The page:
It seems that our wee secret has leaked: I’m working on a stage musical adaptation of the iconic and brilliant Danny Rubin script, Groundhog Day. Danny himself is writing the ‘book’, I’m writing music and lyrics, and Matthew Warchus (of Matilda fame) is directing.
For the handful of you who’ve never seen the film (philistines!), Groundhog Day is about a cantankerous weatherman who is sent to a small town to do a weather report, and gets stuck in a time loop, living the same day over and over again until – eventually – he figures out how to be less of a miserable, egotistical git. It’s about selflessness and acceptance and love and time and life and death and all that good stuff.
The 1993 Sony Pictures film was directed by Harold Ramis and starred Bill Murray and Andie MacDowell, and is a true comedy classic. However, it would be impossible to try to translate the style and tone of the movie to stage… and even if it were possible, it wouldn’t interest me. (Or Danny or Matthew, for that matter).
Our version of Groundhog Day is going to be both instantly recognizable, and utterly different.
The central conceit is perfectly suited to the theatre, in my opinion. In fact, I think many of its ideas could be enhanced by the stage. It has the potential to be complex, dark, visually fascinating, and thematically rich, whilst still being a joyous romantic comedy with cool tunes and lots of gags. It’s certainly not an easy job, and I’m truly honoured – and genuinely excited – that Danny is letting me have a crack at it.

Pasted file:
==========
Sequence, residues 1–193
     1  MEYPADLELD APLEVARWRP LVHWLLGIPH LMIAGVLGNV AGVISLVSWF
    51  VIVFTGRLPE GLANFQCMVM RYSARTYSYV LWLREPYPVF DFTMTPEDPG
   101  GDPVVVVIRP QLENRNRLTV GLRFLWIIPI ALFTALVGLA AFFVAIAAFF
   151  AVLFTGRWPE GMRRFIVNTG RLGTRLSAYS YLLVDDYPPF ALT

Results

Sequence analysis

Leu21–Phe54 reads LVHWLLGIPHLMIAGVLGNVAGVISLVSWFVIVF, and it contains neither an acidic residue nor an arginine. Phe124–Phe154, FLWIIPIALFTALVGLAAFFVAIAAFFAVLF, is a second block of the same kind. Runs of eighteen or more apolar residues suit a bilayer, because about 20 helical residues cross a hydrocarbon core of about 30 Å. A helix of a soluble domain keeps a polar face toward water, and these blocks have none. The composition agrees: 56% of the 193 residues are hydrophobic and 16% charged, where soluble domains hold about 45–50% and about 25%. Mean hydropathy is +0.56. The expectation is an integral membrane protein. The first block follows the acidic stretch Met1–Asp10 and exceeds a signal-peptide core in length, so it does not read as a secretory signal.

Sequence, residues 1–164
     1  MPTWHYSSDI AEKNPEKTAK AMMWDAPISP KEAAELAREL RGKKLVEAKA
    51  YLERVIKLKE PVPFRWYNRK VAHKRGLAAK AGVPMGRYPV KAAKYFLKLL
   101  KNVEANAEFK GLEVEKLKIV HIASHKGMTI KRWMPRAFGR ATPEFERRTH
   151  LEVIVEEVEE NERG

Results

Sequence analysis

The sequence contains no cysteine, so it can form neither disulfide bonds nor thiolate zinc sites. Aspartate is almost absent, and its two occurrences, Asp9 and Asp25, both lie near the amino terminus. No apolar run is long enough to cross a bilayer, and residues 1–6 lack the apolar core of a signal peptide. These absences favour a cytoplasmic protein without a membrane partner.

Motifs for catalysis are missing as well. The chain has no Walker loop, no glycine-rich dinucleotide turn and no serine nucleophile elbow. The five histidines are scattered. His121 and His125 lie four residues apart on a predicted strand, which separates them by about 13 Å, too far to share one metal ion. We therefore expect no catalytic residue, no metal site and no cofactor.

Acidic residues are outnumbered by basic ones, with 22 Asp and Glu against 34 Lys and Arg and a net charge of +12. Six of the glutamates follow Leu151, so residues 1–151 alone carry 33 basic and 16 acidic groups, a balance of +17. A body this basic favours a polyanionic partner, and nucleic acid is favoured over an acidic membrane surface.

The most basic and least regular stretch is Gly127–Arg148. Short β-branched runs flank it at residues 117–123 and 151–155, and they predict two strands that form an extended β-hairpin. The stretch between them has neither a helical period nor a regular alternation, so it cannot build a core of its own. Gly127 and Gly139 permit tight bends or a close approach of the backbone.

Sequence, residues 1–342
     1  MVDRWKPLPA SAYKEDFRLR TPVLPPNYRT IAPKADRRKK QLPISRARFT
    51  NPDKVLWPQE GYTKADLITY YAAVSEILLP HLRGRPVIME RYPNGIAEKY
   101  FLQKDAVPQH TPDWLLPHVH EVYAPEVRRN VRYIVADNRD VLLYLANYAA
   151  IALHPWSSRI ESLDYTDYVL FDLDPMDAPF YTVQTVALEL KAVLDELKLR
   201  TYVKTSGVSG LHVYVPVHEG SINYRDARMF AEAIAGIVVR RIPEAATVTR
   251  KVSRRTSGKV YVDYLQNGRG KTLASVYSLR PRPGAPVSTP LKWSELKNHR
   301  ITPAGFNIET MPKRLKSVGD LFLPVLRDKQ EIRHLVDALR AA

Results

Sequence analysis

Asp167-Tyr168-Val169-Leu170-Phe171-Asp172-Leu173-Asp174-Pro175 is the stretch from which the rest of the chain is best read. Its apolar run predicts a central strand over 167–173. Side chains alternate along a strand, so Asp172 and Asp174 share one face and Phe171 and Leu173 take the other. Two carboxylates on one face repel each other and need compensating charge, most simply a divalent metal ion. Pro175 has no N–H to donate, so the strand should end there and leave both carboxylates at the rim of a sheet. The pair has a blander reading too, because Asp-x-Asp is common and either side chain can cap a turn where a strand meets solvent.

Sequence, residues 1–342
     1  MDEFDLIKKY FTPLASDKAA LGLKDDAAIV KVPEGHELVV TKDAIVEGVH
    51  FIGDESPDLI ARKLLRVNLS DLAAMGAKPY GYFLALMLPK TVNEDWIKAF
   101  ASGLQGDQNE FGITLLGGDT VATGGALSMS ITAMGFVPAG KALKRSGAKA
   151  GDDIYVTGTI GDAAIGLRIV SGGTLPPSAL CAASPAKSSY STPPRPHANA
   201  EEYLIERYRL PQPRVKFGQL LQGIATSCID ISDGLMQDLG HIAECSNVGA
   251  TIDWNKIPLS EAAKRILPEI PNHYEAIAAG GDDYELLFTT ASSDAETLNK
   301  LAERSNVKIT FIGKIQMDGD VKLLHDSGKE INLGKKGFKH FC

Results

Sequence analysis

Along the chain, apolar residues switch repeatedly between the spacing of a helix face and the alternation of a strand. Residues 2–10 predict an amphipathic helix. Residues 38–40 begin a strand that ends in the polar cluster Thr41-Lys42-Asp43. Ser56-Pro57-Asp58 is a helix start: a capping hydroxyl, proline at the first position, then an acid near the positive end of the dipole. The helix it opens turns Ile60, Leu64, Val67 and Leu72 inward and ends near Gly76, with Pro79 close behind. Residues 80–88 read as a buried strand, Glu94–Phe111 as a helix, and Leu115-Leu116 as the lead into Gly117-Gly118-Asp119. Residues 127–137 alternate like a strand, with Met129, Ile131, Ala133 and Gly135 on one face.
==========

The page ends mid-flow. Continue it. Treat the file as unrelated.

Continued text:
The idea of a Groundhog Day musical is not new; famously, Stephen Sondheim was rumoured to be working on the idea five or ten years ago. I’ve actually spoken to him about it (he is – if you’re wondering – a brilliant, witty, charming man), and the truth is he was only ever tossing the idea around. It got put on the back burner, and he is now happy that we’re making a go of it. We have Steve’s blessing – and it’s a blessing I value enormously.
So, we’re aiming for a workshop sometime towards summer, and hopefully we’ll have it on stage within a couple of years. But who knows? Maybe the whole project will get caught in a temporal vortex and we won’t be able to finish writing it until we’ve achieved wisdom.
Either way, you won’t hear any more about it from us until we know where and when we’re going to put it on. Back to work!
PS I actually played two of the ballads from GhD at Koko in Camden a few weeks ago. Not sure whether, out of context, they meant anything to those of you who were there, but I hope you enjoyed them. I suspect some of you guessed the project ages ago anyway!